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Supermarkets Are The 'Final Frontier' Of The Cage-Free Egg Movement

Activists won over fast food chains, but grocery stores may be a bigger challenge.

The movement by major food companies to end the use of eggs laid by caged hens hit critical mass this year. 

It began when McDonald's, which uses 2 billion eggs each year in the U.S. alone, pledged in September to eliminate eggs laid by hens held in cramped wire cages from its supply chain by 2025.

Others quickly followed suit. In the last two weeks alone, Nestlé and Subway -- the world's largest food producer and fast food chain, respectively -- announced hard deadlines by which they will convert their supplies.

But changing the habits of corporate food giants isn't the holy grail for animal welfare activists. The real target hits much closer to home. 

"It's when we are going to start seeing change at the supermarkets," David Coman-Hidy, executive director at the animal welfare nonprofit The Humane League, told The Huffington Post by phone on Sunday. "The final frontier is for retailers to catch up to consumer sentiment."

Hens that lay eggs in cramped battery cages live in squalor, unable to spread their wings or even walk around. Such factory farm techniques have been banned in the European Union since 2012, but are used to produce the vast majority of eggs sold in the United States. Of the nearly 7.5 billion eggs laid in the U.S. in September, just 4.5 percent were from cage-free hens, according to data from the industry group United Egg Producers.

The push, then, for corporate food behemoths to adopt cage-free eggs has been largely symbolic.  

“These commitments from players like McDonald’s or Nestlé are really more about signaling to the egg industry that it’s time to retrofit all the barns and switch over production to cage-free eggs,” David Coman-Hidy, executive director at the animal welfare nonprofit Human League, told The Huffington Post by phone on Sunday. “That time has come.”

Coman-Hidy said the next step for the cage-free movement will be lobbying supermarket chains to eliminate all but cage-free eggs from their shelves.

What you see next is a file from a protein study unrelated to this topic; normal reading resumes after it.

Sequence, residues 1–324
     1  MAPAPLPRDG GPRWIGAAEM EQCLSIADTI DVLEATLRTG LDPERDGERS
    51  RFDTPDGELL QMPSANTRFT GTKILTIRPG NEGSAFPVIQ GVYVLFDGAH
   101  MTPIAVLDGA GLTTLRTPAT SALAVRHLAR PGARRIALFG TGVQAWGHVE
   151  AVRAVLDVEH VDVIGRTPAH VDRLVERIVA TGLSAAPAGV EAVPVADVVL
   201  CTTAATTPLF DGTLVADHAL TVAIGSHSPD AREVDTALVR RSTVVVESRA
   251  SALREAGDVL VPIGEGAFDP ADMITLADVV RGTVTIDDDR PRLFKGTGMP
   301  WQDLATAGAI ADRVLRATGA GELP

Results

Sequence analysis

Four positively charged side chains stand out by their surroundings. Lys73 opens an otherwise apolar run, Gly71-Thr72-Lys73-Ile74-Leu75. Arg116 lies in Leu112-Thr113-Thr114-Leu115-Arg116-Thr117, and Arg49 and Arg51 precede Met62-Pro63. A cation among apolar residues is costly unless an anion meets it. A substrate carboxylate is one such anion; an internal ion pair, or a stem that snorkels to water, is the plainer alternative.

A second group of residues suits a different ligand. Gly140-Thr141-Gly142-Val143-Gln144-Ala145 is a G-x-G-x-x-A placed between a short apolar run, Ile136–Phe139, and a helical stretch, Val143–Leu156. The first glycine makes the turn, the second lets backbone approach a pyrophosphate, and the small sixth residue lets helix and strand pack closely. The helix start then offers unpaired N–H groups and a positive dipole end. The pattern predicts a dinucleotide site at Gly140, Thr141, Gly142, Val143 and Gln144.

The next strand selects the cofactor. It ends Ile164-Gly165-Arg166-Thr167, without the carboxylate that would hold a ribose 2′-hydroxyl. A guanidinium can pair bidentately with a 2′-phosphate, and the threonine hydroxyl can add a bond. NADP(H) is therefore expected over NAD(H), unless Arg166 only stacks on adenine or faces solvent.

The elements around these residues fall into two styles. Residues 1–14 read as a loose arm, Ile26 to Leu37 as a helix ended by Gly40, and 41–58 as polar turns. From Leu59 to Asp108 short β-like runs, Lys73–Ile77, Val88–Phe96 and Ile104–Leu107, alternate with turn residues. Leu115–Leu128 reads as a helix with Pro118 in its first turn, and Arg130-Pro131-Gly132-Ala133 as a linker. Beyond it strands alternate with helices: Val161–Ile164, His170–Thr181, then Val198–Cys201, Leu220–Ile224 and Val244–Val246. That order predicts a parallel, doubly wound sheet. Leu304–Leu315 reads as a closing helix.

“People are against cages and overwhelmingly vote to ban them when given a choice,” Coman-Hidy said. “It’s time for supermarkets to reflect that.”

But that change, as with any other in the egg industry, will take time.

“We’re hoping to see change in the coming year or two,” Coman-Hidy said. “In a big way.”

The egg industry isn't taking the push for cage-free eggs lightly.

The movement came after a national egg shortage last summer that resulted from the country's worst avian flu outbreak in history. By July, more than 48 million birds died in a dozen states. 

In an open letter to newspaper editors published last week, the National Association of Egg Farmers, an industry group, called the idea that cage-free farms provide better lives to hens "the greatest fraud of 2015."

"This is simply untrue and any person who watches chickens roaming about on the ground will see the reasons why," the organization wrote in the letter, sent to editors of major metropolitan newspapers in the United Kingdom and United States. "Food companies are reacting to the pressure from the misinformation from animal activists that more space means better conditions."

To be sure, ridding grocers of eggs from caged hens will be more difficult than removing the eggs from certain food chains. Whereas food providers buy a specific type of egg in bulk as ingredients on their menus, supermarkets can offer choice. 

"They have cage-free, conventional, omega-enriched," Charlie Arnot, chief executive of the industry-funded group Center for Food Integrity, told HuffPost by phone on Monday. "The marketplace will dictate how much of the case is actually consumed by cage-free farms."

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